In order to understand posture and alignment it helps to imagine the body as a house.  The hips are like the foundation of the house.  You can imagine that if we were to twist the foundation of a house that everything above it would be affected.  The windows would break, the floor boards would snap and pop up, and the doorways would slant at odd angles.  The same is true of the human body!  Our hips can be twisted by the muscles that attach from the legs to the pelvis.  As such if your hamstrings and gluteus muscles, which attach on the back and bottom of your pelvis, get tight then they pull your butt down and underneath you causing your upper back to hunch and your shoulders to roll forward and in collapsing your chest.  When the shoulders are held out of alignment by the tension in the hips there is an incredible amount of wear and tear that occurs at the ligaments and tendons of the shoulder.  Much in the same way that the foundation of the crooked house must be fixed before the windows, floors, and doors, so too does the tension in the hips and legs need to be addressed before the shoulders can be fixed.  Otherwise any adjustments attempted on the shoulder girdle would simply revert back to a state of mal-alignment.  DCT™ Practitioners are trained to identify the root causes of biomechanical alignment issues and to unwind these tension patterns systematically restoring proper function and alignment to the body.
  • What can I expect following a DCT session?

    Most recipients of DCT™ leave feeling “taller” and “looser”. This feeling tends to stay put for up to a week. The more one receives DCT™, the more permanent the changes to the body will be. Due to the fact that DCT™ exercises break down adhesions within muscles, periods of soreness may be experienced.  In the very rare occurrence of a “flair up” or continued discomfort, one should reconnect with their DCT™ practitioner to discuss their symptoms and to allow the practitioner to take note of the exercises that were performed during the session and determine which exercises should be modified or avoided in future sessions.
  • What can I do on my own to improve/support the work I did in the DCT session?

    The best way to support and bolster the effects of your DCT™ session is to learn and perform personal DCT™ exercises.  Often your first session will focus primarily on a facilitated experience of DCT™ in order to help you learn what each phase of a DCT™ exercise should feel like.  Once you have had a facilitated experience of DCT™ the personal exercises can be more easily learned and retained.  Learning a DCT™ workout that is specific to your needs from your DCT™ Practitioner or at a DCT™ workshop is a great way to more quickly achieve your functional goals.
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Modality Comparisons:

  • How is DCT different than PNF?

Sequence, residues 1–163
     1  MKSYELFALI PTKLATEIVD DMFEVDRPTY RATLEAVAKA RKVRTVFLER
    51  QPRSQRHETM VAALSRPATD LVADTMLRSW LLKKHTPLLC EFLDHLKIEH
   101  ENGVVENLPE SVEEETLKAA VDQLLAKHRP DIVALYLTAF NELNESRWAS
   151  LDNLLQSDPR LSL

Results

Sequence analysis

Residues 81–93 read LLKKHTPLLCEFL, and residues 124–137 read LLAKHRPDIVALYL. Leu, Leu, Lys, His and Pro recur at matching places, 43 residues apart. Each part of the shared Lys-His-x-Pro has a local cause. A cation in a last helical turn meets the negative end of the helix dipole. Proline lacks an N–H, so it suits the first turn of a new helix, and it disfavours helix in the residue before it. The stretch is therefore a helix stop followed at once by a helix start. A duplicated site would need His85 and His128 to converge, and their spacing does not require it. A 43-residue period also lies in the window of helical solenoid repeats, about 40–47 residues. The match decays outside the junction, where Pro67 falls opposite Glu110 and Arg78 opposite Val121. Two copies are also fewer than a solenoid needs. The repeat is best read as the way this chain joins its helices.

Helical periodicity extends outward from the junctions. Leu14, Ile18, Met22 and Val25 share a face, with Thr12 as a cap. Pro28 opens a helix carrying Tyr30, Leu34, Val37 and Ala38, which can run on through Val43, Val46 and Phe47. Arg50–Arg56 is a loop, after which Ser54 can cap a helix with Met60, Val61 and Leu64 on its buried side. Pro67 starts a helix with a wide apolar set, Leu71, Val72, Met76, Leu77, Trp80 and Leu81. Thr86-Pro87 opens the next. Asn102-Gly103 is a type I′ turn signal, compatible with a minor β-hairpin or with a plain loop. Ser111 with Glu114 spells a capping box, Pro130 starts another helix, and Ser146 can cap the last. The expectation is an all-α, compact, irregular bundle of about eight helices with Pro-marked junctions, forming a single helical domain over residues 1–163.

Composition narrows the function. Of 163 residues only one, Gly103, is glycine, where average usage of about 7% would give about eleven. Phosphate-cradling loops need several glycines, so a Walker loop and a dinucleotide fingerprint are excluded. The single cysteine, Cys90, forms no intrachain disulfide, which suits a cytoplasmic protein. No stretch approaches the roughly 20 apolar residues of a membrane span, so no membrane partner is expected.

Proprioceptive Neuromuscular Facilitation (PNF) is a form of assisted resistance stretching that has been around since the 1940’s.  It was originally used in the rehabilitation of individuals suffering from paralysis and or muscle disorders because of its neurological effects on the body.  Proprioception is knowing where a joint is located in space.  For example, if you closed your eyes and someone lifted your arm out to the side and bent your elbow to ninety degrees you would be able to tell them that your elbow was bent without looking.  Neuromuscular facilitation is referring to the fact that ultimately it is signals from your brain that stimulate muscle contractions.  Here is how PNF is performed and the theory behind why and how it works.  The practitioner picks a muscle they would like to stretch on their patient/client like the hamstring muscle.  They then lengthen that muscle and ask the patient to resists against them using that muscle.  In the case of the hamstring the patient would be lying on their back with one leg lifted by the therapist and they would be kicking their heel into the therapist’s hand for resistance.  The therapist does not let the leg move forcing the patient to hold and isometric contraction for 5-6 seconds.  The therapist then places their hands on the front of the foot/leg and asks the client to pull their leg towards their chest against resistance.  Again an isometric contraction is held for 5-6 seconds.  Finally the therapist returns their hands to the heel and asks the client to relax while they move their leg into a deeper stretch.  The process can be repeated indefinitely continually providing more and more range of motion (ROM).  With PNF the range of motion that is gained is due mostly to a neurological effect where activating two groups of muscles that are in an agonist and antagonist relationship(means one muscle does the exact opposite action that the other one does) causes relaxation of tone in the target muscles.  As soon as the muscle undergoes stress the tone will return and the range of motion that was gained will be lost.  This does not mean that the method lacks value, actually, it is an extremely effective way to accomplish exactly what the name describes, “Proprioceptive Nuromuscular Facilitation.”  PNF essentially helps reestablish a connection between the mind and body relative to joint function at different ranges of motion.  This is very different than removing muscle tension, and very different in practice than DCT™.  DCT™ utilizes three different muscle contractions to remove tension from muscles.  Let’s compare the PNF hamstring stretch described above to that of a DCT™ exercise.  A DCT™ Practitioner would allow the client to perform hamstring extensions by resisting them at the heel but allowing them to slowly kick their leg down to the floor.  This is a concentric contraction that builds strength in the hamstrings of the client.  The concentric contractions will be repeated until the client begins to feel fatigue or a burn in the target muscles.  Once fatigued, the Practitioner will have the client hold an isometric contraction at the smallest range of motion (with the heel close to the floor).  The isometric contraction is used to further isolate the hamstrings and to make sure that the muscle tissue remains engaged as the Practitioner begins to push the clients leg towards their chest against the clients resistance.  This is an eccentric contraction and is actually the phase of a DCT™ exercise where tension is removed from a muscle. (See Lesson 3 in the How my Body Works section of our website)  A DCT™ exercise recruits muscle tissue that is around areas of tension (knots), maintains the activation, and then forces the muscle to pull against itself removing the muscle tension from the inside out.  This is a physiological phenomenon and has immediate and lasting physiological effects on the body.